I'm impressed and inspired by the book's beautiful design, the wealth of information and most of all the innovative and open-minded approach to natural dyeing. As an example - instead of invariably striving for the fastest colour, the author says:
Not all colours will be substantive but they will be unique! One could have a garment that changed with the seasons, in which stains are considered the pre-mordant for another colour. The whole could be progressively patched or embellished, a palimpsest in the form of an ever-changing garment.
It's as if you stop fighting the material into submission and instead observe, accept and work with its inherent qualities...
Because it's autumn and there are mountains of colourful leaves everywhere, I had to have a go at India Flint's signature technique - eco printing.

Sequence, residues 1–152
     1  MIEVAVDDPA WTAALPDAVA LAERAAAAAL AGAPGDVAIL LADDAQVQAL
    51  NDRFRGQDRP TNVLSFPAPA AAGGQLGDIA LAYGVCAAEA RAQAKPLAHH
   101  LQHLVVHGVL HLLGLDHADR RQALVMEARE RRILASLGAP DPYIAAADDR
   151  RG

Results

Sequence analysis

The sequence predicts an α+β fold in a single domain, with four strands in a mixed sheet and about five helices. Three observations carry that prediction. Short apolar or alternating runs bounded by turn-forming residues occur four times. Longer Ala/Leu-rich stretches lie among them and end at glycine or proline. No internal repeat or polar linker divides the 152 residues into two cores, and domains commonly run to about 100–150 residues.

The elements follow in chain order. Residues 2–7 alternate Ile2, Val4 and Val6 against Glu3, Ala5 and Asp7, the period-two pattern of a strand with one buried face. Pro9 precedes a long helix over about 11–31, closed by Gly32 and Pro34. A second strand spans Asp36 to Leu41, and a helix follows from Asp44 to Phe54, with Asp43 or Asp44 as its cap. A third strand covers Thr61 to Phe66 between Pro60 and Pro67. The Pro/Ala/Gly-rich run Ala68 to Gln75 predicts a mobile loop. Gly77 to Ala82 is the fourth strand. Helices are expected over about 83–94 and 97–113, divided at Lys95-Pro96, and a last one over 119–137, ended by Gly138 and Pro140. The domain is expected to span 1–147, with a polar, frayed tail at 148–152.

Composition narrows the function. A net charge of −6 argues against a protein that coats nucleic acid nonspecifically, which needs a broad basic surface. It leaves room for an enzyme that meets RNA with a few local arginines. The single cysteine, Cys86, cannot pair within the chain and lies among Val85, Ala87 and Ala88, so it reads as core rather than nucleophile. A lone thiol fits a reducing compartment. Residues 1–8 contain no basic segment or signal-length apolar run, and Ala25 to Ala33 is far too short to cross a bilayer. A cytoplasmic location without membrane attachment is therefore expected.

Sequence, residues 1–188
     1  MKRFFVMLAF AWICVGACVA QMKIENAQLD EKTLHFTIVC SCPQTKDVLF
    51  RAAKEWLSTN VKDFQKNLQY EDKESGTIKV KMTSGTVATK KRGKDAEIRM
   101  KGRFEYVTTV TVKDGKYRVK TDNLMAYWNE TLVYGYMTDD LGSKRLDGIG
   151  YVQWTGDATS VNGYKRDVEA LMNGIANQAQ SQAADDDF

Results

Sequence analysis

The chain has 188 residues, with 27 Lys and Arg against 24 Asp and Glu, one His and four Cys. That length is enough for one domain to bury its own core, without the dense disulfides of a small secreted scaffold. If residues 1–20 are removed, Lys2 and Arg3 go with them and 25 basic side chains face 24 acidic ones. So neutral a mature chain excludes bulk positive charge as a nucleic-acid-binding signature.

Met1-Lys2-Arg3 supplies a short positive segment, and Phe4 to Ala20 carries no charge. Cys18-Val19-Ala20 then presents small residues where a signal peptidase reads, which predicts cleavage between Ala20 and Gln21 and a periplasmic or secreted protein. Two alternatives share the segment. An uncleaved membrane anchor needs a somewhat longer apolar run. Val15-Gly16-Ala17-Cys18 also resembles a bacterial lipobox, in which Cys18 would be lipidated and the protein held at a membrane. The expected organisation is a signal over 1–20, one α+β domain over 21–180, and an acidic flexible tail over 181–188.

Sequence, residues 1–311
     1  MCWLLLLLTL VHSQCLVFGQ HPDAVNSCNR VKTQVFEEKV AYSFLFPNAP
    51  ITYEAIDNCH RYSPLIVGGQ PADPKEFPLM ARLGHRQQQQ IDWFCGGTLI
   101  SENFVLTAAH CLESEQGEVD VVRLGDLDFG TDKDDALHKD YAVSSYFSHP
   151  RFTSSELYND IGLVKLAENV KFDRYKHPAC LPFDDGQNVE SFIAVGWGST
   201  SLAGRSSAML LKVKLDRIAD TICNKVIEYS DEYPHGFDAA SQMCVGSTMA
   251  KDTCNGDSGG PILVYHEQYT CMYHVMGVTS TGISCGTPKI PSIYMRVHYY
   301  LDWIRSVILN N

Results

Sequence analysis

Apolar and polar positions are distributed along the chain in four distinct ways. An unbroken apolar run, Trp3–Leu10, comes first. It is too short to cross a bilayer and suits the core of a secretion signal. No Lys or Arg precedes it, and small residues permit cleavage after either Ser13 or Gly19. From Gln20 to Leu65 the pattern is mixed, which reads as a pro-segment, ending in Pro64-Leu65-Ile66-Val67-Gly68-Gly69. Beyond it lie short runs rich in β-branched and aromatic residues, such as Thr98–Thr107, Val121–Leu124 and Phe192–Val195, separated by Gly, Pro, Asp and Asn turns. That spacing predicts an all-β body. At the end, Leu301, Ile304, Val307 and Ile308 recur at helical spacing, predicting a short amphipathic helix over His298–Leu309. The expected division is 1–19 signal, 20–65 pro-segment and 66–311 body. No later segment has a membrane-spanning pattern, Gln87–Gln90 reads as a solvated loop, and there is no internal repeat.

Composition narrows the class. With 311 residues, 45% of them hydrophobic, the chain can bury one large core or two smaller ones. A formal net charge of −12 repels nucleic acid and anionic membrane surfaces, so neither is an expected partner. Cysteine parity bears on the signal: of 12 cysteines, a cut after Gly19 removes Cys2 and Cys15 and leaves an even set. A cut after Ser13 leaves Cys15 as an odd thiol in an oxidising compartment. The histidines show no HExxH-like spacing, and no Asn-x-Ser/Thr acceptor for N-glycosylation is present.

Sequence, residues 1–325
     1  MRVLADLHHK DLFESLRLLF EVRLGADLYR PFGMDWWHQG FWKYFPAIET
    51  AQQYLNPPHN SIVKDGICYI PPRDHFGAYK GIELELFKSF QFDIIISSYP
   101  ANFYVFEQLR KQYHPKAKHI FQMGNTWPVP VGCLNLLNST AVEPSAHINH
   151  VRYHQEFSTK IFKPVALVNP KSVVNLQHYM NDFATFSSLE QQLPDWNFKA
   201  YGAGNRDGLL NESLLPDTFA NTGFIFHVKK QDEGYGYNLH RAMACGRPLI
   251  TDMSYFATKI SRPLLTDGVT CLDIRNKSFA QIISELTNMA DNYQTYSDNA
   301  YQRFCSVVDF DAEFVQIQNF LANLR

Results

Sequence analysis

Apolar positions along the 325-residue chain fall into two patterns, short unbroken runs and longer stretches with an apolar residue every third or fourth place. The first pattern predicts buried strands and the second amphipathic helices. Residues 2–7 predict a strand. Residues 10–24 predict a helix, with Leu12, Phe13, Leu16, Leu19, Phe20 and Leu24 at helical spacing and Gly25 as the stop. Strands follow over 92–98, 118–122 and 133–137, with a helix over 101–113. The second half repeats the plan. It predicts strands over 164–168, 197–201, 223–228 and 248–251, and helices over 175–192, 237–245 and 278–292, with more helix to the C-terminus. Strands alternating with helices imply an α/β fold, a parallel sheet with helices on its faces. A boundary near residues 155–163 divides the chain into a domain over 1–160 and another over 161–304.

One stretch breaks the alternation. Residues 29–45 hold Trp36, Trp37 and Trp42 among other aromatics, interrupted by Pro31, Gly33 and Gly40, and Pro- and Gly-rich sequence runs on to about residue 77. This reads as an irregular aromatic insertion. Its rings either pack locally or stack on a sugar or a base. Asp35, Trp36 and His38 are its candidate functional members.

So far I've tried the method that involves steaming the plant material wrapped in fabric. It not only creates attractive prints but is a neat way to discover if the plant has dyeing potential and what colour it might give.
In the first bundle I used very fine silk and the bonus of that was the 3D detail of the veins that got steamed into the fabric.
Below is my second attempt on heavier repurposed silks. I was surprised by the purple! My guess is that at least one of the fabrics had been machine washed and the dye reacted with traces of the detergent.
The last picture shows my favourite detail. I like the places where the leaves overlapped (dye seeped in from another layer of the bundle) and at the very bottom where the small fern leaves (too dry to impart colour themselves) acted as a resist.